Page 1

Coverage of marches, B1–B2

A NATIONAL PACEMAKER AWARD NEWSPAPER

MONDAY, JAN. 30, 2017

ANN ARBOR, MICHIGAN

www.washtenawvoice.com

Bump, set, spike! VOL. 24, NO. 2

The student publication of Washtenaw Community College

Community support and awareness key after election BY SUNI JO ROBERTS

ESIBAN PARENT

| WASHTENAW VOICE

Staff Writer

Washtenaw Community College hosted volleyball tryouts for the men’s and women’s teams at their practice location in Saline. Tylan Johnson (in white), 18, Belleville, HVAC, Noah Bylski, 18, Pinckney, broadcast arts. Freddy Burke (in grey), 20, Dexter, criminal justice, NIkunjkumar Patel, 21, India, Canton, computer science. “I had 8 students try out for the men's team on Wednesday. So far we have one tournament scheduled for Saturday, March 4th. We are in the process of getting other tournament and game dates worked into our schedule,” Men’s volleyball coach Allegra Recknagel said. See VOLLEYBALL, A4.

CHANEL STITT

| WASHTENAW VOICE

A mother-daughter bond at work

New trustee, Angela Davis (left) sits with her mother Diana Mcknight-Morton who currently is the Board of Trustee Chair.

BY CHANEL STITT Staff Writer

“Don’t call me mom,” said Diana McKnight-Morton, board chair of Washtenaw Community College. Morton explained to her daughter, Angela Davis who was recently elected to the Board of Trustees as the secretary, that they should address each other using their names in a professional setting. Morton has been on the board since November 1994, she previously worked in the field as a special education teacher. She worked in Jackson Public Schools and then in Ypsilanti teaching adult education. Morton decided to work for Washtenaw County in 1984 and got her Master’s degree

in guidance counseling. She retired and took over her family business, DeLong’s BarB-Q Pit, which was a well-known restaurant located downtown Ann Arbor. They ended up closing the restaurant in 2001 after her husband, Curtis Morton became sick and a few years later, passed away. Davis became her mother’s biggest supporter at that time which is one of Morton’s favorite memories with her daughter. “She supported me mentally to keep me strong, to keep encouraging me, quoting Bible verses, motivational books. Constantly being by my side,” Morton said. Growing up with dreams of being a figure skater and a passion for art, Davis was in a constant search of who and what she wanted to be. She got into modeling,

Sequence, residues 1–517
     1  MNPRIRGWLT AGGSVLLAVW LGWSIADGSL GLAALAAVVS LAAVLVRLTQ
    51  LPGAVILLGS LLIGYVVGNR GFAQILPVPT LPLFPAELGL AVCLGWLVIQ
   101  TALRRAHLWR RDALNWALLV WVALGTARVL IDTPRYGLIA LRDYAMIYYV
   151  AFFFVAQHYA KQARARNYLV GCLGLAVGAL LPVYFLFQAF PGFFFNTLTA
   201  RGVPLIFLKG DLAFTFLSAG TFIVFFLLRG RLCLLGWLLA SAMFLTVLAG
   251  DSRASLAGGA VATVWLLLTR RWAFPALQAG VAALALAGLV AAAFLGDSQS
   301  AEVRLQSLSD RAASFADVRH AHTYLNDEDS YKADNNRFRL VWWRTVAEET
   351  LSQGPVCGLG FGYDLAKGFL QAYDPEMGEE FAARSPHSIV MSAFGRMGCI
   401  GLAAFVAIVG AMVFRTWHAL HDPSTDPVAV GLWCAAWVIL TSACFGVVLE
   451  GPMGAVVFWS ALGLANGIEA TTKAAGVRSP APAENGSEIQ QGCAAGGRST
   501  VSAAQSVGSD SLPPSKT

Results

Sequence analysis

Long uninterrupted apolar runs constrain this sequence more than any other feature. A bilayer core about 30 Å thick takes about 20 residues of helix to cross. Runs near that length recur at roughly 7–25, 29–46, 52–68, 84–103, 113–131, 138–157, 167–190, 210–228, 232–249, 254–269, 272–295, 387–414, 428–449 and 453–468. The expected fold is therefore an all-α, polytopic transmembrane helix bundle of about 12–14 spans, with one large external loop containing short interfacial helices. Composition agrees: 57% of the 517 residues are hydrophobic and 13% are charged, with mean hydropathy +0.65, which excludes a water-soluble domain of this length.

plays and theater. Davis went to Bishop College in Dallas, Texas and later moved to California, raising her son as a single parent. She earned her degree in human resources from Concordia University and moved back to Michigan in 2014. Davis created a jewelry line and made a business out of it, but soon took another turn in her career path. “I wasn’t really fulfilling what I wanted to do, which was to give back to the community,” said Davis. “I knew that there was something more to what I needed to do, I just didn’t know what it was.” She and her mother had discussed the Board of Trustees, but it wasn’t until one day that they actually had a conversation about Davis running for the position.

She had never ran for a position so her campaign was another new step for her. Davis won one of two board of trustee seats open in the 2016 election. “Even though it wasn’t a straight shot, life bent my role in many different directions but I’m in a spot now that I can say I’m truly comfortable and pleased with,” said Davis. Many people have known Davis for her hair, from having a perm to having a large, natural afro. It has sparked conversations with new people who have asked her if she was Angela Davis, the political activist. On their days off, they have the typical mother-daughter connection where they talk a lot and discuss things in greater detail. “As much as mother and daughter, we fight and fuss and

carry on, ‘oh I don’t want to be like her when I grow up.’ I’m happy that I am like her, I’m wanting to continue her legacy,” said Davis. They both have a connection to WCC, which they have both attended in their education years. Morton believes it is rewarding to see what the faculty and students are doing that is positive around the school, statewide and nationwide. She says it makes her proud to be from WCC. “I have not regretted one day of being on the board,” said Morton. Davis says that her mother will still continue to inspire her with her last two years on the board.